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Work Ethic And Regimen Have Made Ryan Kerrigan Redskins' Ironman

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*Linebacker Ryan Kerrigan, through an unparalleled year-long regimen, has started every game for the Redskins since being drafted in 2011. At just 28, he's now the veteran leader of a young outside linebackers group that's already learning his tips for longevity.  *

"It's kind of unreal when you think about."

Left tackle Trent Williams isn't surprised by too much in the NFL at this point in his career, but when he considers what linebacker Ryan Kerrigan has done since being drafted in 2011, he comes up with a word like "unreal."

And when you do actually think about it, the word seems apt. After taking the field in Monday Night's season opener against the Steelers to commence his sixth year in the league, Kerrigan extended his start streak to 81 games. In other words, Kerrigan has been good enough and healthy enough to make the starting active roster in every Redskins game since entering the league as the team's 16th overall pick in the 2011 NFL Draft.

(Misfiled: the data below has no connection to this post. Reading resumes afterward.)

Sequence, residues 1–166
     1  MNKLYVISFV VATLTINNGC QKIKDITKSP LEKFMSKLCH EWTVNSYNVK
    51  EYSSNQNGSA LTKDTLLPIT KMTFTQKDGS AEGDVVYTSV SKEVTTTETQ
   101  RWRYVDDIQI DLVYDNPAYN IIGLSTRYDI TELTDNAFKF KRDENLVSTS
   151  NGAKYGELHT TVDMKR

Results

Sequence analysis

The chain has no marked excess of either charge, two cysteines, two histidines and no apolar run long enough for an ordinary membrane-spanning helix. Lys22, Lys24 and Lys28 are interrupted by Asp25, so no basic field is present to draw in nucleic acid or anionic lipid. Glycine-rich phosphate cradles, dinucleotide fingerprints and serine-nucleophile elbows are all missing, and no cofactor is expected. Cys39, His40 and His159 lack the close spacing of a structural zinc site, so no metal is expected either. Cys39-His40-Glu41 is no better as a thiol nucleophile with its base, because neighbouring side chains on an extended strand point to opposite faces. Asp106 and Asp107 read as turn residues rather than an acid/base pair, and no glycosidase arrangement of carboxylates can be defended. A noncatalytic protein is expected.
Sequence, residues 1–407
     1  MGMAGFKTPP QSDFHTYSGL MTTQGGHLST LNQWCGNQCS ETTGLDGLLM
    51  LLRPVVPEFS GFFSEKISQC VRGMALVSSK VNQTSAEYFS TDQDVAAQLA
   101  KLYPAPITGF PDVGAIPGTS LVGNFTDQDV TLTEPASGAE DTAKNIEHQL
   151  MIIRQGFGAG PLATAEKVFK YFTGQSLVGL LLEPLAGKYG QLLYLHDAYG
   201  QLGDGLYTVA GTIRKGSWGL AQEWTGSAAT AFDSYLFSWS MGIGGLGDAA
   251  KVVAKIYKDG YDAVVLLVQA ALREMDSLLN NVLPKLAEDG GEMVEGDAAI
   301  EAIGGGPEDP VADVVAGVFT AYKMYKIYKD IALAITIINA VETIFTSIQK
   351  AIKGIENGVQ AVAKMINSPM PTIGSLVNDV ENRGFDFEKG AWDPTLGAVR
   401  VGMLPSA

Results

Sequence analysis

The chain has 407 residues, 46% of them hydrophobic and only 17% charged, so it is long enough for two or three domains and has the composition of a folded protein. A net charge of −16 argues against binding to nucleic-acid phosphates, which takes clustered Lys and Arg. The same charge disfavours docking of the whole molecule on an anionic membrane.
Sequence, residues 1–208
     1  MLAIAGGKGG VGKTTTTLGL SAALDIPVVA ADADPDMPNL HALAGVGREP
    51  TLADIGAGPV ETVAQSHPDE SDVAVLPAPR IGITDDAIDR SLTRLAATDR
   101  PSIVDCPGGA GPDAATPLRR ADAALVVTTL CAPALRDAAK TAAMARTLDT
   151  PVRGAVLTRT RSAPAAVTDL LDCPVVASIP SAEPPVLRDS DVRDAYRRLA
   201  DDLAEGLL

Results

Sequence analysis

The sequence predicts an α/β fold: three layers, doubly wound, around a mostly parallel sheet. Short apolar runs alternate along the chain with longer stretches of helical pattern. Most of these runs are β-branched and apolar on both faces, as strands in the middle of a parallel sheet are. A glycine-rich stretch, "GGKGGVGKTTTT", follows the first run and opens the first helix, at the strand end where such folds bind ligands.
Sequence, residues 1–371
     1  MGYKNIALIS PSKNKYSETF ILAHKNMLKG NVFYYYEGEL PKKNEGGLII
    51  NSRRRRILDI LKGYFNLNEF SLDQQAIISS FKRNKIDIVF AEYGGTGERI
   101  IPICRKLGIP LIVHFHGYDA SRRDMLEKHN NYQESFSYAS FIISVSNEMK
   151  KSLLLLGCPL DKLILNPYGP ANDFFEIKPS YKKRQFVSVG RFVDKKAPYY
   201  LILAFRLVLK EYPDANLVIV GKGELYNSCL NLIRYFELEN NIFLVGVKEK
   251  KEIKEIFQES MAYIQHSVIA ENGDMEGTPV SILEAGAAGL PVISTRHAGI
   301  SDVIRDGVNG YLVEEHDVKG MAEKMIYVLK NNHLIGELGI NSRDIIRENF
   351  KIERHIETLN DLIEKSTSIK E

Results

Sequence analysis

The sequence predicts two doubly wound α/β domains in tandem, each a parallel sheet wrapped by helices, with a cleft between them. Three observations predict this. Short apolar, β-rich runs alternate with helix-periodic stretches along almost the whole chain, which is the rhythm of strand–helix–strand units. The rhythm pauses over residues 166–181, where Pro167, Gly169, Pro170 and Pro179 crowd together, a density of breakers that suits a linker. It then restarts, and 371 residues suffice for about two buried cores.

If you're not impressed, let Williams try to persuade you.

"You think about the position he plays, how physical it is," Williams said. "Not to mention, you've got to bang with the biggest guys on the field, and at times, you've got to go drop back and cover some of the smallest guys on the field and have to tackle some of the most skilled ball carriers in the world. It's kind of unreal for him to still be able to come out every Sunday for the last six years and still compete. It's amazing."

For those who walk the hallways at the Inova Sports Performance Center at Redskins Park on a daily basis, this steady statistic is more plausible. Many of his teammates and coaches are quick to jump on a cliché that's actually true, which is that Kerrigan is almost always the first one in the building and the last one to leave. Walk past the weight room and there's a good chance he's in there, stretching, lifting, finding more time for cardio.